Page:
Lawn & Garden Wildlife

How to Attract Orioles to Your Property—Smart, Safe Tips From a Bird Expert

Early harbingers of spring, orioles are beloved for their bold orange coloring and easily recognizable song. Learning how to attract orioles to your yard can result in hours of enjoyable avian observation.
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Baltimore Oriole perched on branch with blooming pink flowers.

Photo: pchoui

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Many birders and homeowners take special delight in seeing the orange oriole bird return from its winter sojourn south of the border. Several species of oriole are found in various regions of the U.S., almost all of which sport colorful plumage.

You may be prepared to attract many types of birds to your yard with strategic placement of feeders and water sources, but do you know how to attract orioles? Attracting orioles requires specific tactics, but the reward of seeing these bright orange birds is worth the effort.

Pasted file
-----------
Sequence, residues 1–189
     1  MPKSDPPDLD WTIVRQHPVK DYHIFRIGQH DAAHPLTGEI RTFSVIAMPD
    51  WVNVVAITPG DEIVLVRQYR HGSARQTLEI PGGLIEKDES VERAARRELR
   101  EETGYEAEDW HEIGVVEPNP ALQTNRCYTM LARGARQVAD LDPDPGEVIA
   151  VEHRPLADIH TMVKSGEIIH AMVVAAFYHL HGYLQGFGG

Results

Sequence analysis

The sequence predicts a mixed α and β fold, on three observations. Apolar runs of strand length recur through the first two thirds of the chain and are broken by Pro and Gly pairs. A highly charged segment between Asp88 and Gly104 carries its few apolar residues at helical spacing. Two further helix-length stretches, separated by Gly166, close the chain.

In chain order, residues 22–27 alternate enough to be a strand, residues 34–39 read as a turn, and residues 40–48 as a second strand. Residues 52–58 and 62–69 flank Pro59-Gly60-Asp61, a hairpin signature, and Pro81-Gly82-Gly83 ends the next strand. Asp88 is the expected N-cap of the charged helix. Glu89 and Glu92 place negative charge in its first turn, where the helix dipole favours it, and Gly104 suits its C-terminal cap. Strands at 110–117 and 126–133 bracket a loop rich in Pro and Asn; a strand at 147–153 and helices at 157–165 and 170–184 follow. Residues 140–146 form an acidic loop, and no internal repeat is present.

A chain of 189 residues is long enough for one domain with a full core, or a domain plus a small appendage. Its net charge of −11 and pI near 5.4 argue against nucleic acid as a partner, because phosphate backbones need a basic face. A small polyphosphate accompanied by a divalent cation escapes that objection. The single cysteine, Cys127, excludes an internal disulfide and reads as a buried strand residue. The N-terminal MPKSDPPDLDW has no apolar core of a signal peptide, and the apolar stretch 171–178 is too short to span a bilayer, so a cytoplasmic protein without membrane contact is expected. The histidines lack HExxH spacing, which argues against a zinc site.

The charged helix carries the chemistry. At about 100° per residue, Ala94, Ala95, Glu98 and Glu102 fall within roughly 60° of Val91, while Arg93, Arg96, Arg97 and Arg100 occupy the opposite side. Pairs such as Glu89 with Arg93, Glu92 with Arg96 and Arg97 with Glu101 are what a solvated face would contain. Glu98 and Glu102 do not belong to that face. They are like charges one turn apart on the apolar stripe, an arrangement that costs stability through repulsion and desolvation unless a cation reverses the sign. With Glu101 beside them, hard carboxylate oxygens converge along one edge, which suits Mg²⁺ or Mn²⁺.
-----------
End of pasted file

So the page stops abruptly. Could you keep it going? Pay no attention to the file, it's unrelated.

1. Put food out early.  

Two oriole birds sitting on a blooming tree in early spring.
Baltimore orioles | Photo:

Orioles are some of the earliest migratory birds to arrive in the U.S. and one of the first types of birds to fly south. Be prepared for oriole feeding early in the year. If you don’t put food out at the right time, you may miss them altogether. They may reach Texas, Louisiana, Georgia, and Alabama as early as late February, but April is peak migration for many of the oriole species. Similarly, they head south before most other birds—with peak migration for some species in August. Whichever direction they’re traveling, they need lots of fuel for the trip. 

2. Appeal to their sweet tooth.

an Altamira oriole eating an orange slice.
Altamira oriole | Photo:

One of the best ways to attract them is by providing the right food for orioles. Orioles don’t eat seeds; they like sugary foods. When feeding orioles, entice them with the same (undyed) sugar water used in hummingbird feeders. In addition to nectar, orioles like oranges, which are easily served in halves, apples, pears, peaches, and other dark fruit, such as blueberries, blackberries, grapes, and black currants. Orioles particularly like the flavor of grape jelly, which should be served in small amounts in an open dish. Mealworms are a summertime favorite for a bit of protein.

3. Get the right kind of feeder. 

A Bullocks oriole eating nectar from a bird feeder.
Bullock’s oriole | Photo: